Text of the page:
Out of 99 new positive cases discovered in the Simcoe Muskoka Region, health officials say 97 are linked to a long-term care home in Barrie and all of those people are likely affected by the fast-spreading U.K. variant. There are concerns the highly contagious strain of the virus is more widespread than initially thought. Miranda Anthistle has the details.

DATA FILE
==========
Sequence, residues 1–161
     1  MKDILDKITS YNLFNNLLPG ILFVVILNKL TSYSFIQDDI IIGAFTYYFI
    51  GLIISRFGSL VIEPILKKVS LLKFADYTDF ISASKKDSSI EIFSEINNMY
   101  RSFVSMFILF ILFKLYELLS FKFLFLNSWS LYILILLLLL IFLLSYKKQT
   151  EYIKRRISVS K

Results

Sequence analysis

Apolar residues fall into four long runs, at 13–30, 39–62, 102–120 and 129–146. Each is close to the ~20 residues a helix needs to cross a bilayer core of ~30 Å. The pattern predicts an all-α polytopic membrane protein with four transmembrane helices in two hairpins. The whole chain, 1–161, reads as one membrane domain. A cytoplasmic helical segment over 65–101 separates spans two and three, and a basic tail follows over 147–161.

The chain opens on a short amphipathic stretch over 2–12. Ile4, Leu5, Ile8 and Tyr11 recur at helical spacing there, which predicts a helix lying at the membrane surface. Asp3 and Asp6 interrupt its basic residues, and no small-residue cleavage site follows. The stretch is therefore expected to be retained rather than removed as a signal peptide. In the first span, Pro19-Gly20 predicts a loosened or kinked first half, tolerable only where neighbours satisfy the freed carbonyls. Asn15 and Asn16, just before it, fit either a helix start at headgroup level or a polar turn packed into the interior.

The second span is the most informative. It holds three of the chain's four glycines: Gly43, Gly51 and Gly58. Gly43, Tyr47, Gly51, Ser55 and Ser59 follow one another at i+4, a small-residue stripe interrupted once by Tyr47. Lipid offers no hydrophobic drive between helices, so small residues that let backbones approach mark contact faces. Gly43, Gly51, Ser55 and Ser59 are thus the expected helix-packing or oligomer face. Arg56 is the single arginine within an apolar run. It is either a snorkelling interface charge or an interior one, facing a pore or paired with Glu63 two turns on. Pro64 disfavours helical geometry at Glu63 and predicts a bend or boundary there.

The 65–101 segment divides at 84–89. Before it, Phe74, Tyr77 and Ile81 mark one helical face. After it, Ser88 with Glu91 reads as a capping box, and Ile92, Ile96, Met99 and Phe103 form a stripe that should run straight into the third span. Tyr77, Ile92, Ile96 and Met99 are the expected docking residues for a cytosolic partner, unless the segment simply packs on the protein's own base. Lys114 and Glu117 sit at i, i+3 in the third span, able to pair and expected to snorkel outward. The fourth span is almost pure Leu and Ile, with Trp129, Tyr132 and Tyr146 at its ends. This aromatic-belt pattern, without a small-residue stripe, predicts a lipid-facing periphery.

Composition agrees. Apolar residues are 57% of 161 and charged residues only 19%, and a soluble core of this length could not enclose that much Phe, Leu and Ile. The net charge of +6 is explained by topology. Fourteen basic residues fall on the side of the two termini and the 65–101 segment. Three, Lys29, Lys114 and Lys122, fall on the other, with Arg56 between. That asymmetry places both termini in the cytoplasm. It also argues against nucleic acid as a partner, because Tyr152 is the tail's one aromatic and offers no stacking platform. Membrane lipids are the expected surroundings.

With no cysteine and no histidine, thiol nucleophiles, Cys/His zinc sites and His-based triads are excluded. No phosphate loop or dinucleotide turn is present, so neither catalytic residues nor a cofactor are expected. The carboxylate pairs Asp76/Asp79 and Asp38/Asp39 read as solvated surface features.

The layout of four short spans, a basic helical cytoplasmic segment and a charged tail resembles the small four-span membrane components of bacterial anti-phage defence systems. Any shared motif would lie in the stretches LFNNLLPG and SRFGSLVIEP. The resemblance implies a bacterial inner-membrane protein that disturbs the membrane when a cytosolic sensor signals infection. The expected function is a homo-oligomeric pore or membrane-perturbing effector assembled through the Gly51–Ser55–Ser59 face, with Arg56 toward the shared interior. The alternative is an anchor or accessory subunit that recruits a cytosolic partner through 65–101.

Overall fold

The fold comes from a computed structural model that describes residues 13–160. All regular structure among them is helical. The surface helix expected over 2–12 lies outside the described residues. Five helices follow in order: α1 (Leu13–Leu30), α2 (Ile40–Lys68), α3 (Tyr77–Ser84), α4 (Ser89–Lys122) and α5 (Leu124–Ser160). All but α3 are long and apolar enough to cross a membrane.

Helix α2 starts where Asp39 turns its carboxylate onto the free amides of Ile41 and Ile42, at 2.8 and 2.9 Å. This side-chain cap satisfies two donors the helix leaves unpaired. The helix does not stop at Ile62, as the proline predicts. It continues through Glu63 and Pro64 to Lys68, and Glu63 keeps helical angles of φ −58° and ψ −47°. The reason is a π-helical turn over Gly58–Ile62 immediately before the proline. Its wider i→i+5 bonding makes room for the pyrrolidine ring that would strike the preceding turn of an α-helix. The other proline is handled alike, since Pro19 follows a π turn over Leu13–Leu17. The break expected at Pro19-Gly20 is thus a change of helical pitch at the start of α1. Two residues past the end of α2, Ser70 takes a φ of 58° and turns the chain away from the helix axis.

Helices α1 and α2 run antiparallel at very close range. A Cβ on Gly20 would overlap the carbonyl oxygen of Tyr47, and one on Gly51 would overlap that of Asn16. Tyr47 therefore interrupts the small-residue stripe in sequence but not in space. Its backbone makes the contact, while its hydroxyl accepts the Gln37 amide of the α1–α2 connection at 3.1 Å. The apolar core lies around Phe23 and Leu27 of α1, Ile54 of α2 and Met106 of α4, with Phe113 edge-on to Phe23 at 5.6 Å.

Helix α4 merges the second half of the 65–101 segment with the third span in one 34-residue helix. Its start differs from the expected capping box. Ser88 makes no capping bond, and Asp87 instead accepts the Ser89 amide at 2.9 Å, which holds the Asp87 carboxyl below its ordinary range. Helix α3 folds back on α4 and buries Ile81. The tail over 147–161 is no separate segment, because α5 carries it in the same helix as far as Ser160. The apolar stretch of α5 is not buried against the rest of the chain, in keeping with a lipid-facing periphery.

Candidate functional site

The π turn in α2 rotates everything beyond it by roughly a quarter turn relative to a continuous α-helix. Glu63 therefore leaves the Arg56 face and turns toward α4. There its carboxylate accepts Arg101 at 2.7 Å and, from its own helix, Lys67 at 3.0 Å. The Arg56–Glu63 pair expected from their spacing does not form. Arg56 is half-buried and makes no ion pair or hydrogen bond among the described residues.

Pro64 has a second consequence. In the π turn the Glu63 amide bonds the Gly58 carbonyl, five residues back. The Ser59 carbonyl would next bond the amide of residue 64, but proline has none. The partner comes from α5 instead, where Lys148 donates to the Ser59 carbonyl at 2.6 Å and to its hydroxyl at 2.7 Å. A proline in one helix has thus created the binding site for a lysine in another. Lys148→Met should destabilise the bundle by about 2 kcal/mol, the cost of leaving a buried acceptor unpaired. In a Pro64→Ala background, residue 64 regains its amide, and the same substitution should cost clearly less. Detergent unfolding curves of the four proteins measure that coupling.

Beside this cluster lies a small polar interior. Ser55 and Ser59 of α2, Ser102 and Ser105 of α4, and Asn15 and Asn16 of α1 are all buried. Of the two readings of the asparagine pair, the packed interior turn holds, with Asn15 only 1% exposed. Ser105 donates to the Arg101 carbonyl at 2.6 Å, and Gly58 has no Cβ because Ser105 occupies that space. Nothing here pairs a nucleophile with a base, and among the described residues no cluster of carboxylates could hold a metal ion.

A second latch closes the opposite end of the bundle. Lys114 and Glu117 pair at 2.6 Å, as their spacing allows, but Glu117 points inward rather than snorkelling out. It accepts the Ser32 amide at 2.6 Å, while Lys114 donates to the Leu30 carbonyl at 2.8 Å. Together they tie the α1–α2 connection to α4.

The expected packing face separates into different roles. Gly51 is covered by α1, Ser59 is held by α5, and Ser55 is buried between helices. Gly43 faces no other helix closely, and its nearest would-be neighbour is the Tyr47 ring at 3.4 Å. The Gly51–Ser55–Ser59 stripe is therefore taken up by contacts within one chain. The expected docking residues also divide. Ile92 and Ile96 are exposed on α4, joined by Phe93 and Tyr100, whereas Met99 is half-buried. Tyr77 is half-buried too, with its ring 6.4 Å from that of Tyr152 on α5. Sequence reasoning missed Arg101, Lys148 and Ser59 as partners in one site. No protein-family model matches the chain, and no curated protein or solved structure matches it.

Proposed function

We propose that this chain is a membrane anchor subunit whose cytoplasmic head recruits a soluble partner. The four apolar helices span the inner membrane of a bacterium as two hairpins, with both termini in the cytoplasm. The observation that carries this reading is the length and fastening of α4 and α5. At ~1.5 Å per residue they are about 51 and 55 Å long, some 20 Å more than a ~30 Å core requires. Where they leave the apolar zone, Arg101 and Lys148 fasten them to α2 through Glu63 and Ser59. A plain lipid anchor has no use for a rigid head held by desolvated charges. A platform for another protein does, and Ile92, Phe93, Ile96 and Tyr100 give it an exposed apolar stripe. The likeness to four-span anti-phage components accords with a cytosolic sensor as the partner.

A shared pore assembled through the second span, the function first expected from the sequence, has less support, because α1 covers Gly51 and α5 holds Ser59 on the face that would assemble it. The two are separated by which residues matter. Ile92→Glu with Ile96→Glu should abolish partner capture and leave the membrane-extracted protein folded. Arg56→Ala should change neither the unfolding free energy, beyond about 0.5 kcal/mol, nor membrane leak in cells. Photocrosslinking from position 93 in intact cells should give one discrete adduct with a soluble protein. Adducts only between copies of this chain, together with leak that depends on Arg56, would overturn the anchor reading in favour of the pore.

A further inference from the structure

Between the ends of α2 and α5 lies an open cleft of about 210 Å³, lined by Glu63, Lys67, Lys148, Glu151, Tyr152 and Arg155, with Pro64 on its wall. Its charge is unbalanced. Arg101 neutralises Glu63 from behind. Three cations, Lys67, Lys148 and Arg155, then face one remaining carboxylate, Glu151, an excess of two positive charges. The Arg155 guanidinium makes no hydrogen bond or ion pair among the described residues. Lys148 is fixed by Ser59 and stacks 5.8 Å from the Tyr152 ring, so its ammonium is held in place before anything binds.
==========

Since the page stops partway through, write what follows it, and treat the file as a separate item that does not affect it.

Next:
The Village of Hussar has reason to celebrate 2020, from completing infrastructure upgrades, to overcoming financial constraints and cancelled events due to the COVID-19 pandemic. While the village celebrates accomplishments in 2020, council is also looking forward to what 2021 will bring. Hussar Mayor Corey Fisher says upgrades to the water and sewer system along 2nd Avenue East, from Centre Street to 1st Street East, were completed “on time and on budget.” The village also completed demolition of the old Hussar School building. The school grounds were purchased by the village and Mayor Fisher says the village has “begun the process of annexation,” which will provide additional space for future projects. Big challenges for the village in 2020 were budget constraints posed by the COVID-19 pandemic, and the cancellation of community events such as Summer Daze and Canada Day celebrations. Mayor Fisher says, “We overcame (budget challenges) through steady management and a common sense approach to dealing with the COVID-19 crisis.” The village held a socially distanced Light Up The Night event, with viewing limited to drive through only, on Saturday, December 5. Donations received from the event will be used for a new underground watering system for the Hussar Cemetery in the spring of 2021. Other projects scheduled for 2021 include paving of a key intersection at Centre Street and 2nd Avenue, with work anticipated to begin in the spring. “We look for a realistic ‘can we afford it’ approach for capital project spending and a ‘hold the line’ operations budget, while ensuring the village remains strong fiscally in 2021,” Mayor Fisher said. The Village of Hussar’s council for 2020 is made up of Mayor Corey Fisher, Deputy Mayor Les Schultz, and Councillor Tim Frank. Lacie Nairn, Local Journalism Initiative Reporter, The Drumheller Mail